Rusterholz, H. Muller, S. W. and Baur. B. (2004) Effects of rock climbing on plant communities on exposed limestone cliffs in the Swiss Jura mountains. Applied Vegetation Science, No. 7, pp.35-40.


“Our study provides strong evidence that rock climbing causes considerable damage to vascular plants, bryophytes, and lichens on the Niagra Escarpment in Southern Onatrio”. (Larson and McMillan, 2002, p.396)

McMillan, M. A. And Larson, D.W. (2002) Effects of Rock Climbing on the vegetation of the Niagara Esacrpment in southern Ontario, Canada. Conservation Biolog, No. 16, pp.389-398.


“Our results suggest that rock climbing has strong negative effects on the extremely diverse and abundant community of land snails that normally occurs on undisturbed cliffs.” (Larson, McMillan and Nekola, 2003, p.620).

Larson, D. Nekola, J. McMillan, M. (2003) Effects of Rock Climbing on the Land Snail Community of the Niagra Escarpment in Southern Ontario, Canada. Journal of Conservation Biology. Volume 17, No.2., pp.616-621.

Hope these are of help to you.

If you want to help out and air your opinion then the short questionnaire is available at http://www.surveymonkey.com/s/9W96N8Q

Hope that helps you.
SteveD - on 10 Feb 2010
In reply to ALL: I would suggest that climbing has a lower impact on the environment than gardening, the carbon footprint alone must be huge (look at the carpark of the average garden centre on a sunday). Huge tracts of the country taken over to flat lawns and alien plant species. Poisons, pesticides and fertilisers by the ton plus moving the stuff all over the world for no real reason or benefit.

Steve D
toad - on 10 Feb 2010
In reply to SteveD: And is that not the point? You recognise your action has an impact, you take action to minimise it - you make compost, you avoid pesticides etc. What you shouln't say is: well my garden has less of an environmental impact than bauxite mining, so that's all right then.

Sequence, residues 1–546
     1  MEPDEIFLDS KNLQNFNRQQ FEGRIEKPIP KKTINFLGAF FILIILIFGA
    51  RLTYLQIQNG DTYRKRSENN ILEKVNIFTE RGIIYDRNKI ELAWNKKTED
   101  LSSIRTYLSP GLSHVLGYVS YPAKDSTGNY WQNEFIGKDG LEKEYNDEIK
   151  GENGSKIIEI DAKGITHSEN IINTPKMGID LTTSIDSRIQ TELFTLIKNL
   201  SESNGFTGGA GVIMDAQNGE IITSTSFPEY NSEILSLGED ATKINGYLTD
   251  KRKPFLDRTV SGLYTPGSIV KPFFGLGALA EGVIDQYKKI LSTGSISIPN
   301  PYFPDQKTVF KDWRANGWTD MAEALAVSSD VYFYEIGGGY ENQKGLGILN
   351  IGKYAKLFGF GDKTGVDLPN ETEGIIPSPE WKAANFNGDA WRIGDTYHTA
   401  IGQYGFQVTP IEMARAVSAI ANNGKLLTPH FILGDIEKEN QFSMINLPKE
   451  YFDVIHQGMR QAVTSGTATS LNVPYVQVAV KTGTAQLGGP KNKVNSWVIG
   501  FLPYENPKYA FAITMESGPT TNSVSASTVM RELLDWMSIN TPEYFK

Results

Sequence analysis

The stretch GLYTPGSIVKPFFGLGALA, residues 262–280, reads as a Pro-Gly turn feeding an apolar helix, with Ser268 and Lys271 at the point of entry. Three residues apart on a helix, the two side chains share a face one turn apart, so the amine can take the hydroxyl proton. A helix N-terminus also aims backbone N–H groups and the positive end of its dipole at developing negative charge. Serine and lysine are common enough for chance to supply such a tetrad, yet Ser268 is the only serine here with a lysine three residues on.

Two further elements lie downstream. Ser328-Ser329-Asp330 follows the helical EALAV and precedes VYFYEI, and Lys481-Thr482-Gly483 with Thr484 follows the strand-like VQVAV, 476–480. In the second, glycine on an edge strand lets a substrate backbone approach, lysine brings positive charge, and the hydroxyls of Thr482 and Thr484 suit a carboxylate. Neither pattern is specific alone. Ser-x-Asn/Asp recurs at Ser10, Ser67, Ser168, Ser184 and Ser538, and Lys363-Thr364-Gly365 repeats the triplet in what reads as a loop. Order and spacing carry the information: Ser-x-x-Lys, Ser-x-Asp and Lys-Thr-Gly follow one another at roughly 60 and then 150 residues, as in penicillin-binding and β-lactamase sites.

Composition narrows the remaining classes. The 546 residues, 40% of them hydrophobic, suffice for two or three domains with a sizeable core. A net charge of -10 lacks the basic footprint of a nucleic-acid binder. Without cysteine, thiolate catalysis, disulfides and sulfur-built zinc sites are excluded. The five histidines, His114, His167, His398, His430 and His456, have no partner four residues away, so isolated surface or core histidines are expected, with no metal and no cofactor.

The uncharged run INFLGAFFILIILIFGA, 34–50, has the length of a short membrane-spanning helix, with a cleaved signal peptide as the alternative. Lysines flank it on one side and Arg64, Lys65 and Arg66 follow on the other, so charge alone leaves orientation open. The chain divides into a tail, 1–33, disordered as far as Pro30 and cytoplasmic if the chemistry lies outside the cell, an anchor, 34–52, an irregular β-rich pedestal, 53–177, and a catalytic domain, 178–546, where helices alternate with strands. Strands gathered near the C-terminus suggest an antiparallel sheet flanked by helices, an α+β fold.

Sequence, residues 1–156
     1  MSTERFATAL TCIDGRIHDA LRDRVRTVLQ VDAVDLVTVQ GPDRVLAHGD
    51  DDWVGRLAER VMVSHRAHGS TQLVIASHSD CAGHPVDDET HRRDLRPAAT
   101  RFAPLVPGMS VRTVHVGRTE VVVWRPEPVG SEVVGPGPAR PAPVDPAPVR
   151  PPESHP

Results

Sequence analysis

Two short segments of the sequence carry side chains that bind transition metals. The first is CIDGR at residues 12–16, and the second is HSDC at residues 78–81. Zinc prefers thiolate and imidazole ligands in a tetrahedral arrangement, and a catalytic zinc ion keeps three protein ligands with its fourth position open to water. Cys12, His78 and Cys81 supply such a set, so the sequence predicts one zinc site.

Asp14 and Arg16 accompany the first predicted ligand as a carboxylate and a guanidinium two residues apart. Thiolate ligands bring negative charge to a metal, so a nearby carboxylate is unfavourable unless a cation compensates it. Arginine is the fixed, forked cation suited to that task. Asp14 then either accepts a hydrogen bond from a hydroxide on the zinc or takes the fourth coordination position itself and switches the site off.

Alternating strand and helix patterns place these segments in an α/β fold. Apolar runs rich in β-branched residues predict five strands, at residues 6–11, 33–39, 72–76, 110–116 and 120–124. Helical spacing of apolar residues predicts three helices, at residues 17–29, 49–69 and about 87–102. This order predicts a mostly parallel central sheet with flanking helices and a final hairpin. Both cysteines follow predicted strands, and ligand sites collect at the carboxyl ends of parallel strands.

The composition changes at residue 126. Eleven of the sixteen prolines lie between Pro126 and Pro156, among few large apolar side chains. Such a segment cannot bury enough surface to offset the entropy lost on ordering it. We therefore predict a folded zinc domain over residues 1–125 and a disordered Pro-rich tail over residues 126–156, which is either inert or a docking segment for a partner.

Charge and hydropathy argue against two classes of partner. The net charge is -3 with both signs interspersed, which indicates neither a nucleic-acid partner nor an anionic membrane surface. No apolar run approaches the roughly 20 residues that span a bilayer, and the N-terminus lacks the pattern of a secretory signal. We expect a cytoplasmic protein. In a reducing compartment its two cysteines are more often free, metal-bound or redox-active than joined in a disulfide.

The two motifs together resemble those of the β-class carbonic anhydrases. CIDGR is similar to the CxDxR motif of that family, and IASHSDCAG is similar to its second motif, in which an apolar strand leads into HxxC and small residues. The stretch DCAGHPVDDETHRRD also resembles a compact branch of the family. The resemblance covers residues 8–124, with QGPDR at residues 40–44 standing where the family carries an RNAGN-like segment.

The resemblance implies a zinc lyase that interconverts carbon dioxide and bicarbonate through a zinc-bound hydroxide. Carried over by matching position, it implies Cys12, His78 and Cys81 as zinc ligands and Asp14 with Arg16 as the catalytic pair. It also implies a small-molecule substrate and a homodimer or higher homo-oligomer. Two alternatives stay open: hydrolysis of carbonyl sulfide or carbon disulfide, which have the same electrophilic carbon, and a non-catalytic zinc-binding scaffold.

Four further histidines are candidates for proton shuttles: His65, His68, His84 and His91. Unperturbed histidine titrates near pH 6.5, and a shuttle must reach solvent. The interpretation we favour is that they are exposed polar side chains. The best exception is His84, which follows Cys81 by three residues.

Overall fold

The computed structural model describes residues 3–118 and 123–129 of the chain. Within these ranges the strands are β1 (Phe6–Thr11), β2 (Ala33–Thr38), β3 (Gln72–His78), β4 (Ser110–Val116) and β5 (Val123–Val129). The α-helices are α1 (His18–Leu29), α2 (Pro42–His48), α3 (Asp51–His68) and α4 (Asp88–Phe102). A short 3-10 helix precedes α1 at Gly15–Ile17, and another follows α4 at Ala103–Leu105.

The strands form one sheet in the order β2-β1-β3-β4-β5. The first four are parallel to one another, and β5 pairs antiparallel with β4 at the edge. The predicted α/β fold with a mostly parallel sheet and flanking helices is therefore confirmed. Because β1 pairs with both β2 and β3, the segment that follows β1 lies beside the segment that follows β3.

Climb is ok, environmentally speaking, but that doesn't mean we sit on our hands and ignore the environmental impact it does have.
IainRUK - on 10 Feb 2010
In reply to SteveD: That's a good point..if there was one..so gardening is worse..arguable but why does that matter..

And for no reason, most past times are for no reason. Look at cragging, climbing up a route when you could walk to the top. OK there's the physical benefit, but gardening is also excellent in providing elderly with some excersise.
Howard J - on 10 Feb 2010
In reply to IainRUK:
> (In reply to Howard J)
> [...]
>
> Really, look at Stanage?
>
> In the peak most edges are extensively climbed, if climbing stopped on all edges tomorrow I think we'd see more bird life for sure. I don't think it should by the way. I just acknowledge there is a cost.
> [...]

er .. the question is about the Lake District.

Pick any Lake District guidebook and take look at a crag topo. Even places like Gimmer which are laced with routes still have significant gaps between the climbs. The amount of rock which is actually climbed upon is tiny compared with the size of the whole crag. When you then consider how many other crags are not climbed on at all then the amount of climbed rock must represent an infinitesimal percentage of the total Lake District habitat.

Of course sometimes the mere presence of a human can have an effect on wildlife. However where there is a particular issue with breeding birds, or a special habitat which needs protecting, climbers have on the whole responded positively to restrictions, where these are appropriate.

The question should be, not whether climbing has a negative impact - everything we do has a negative impact - but whether that impact is significant. In the vast majority of cases, gardening a route will not have a significant impact because the habitat that route provides is very common elsewhere. In the few cases where it would be significant, I like to think most climbers would respect that.

The difficulty is, the questions are too black and white. Yes, climbing has a negative impact, but it also has a positive impact. How much of the Lake District has been protected because visitors, including climbers, are attracted by the scenery and environment? How much work has been done to tidy up crags and repair erosion (not all of it caused by climbers)? What about the work done by climbers to help bodies like the RSPB to carry out bird surveys and other conservation work?

It's easy to point out both sides of the equation, the problem is working out the net impact. But even if the net impact is negative, what then? The environment is just one factor to be considered. Unlike US national parks, which are intended to be areas of natural wilderness untouched by man, UK national parks are lived in and worked in, and environmental considerations have to be balanced against economic, social and other factors.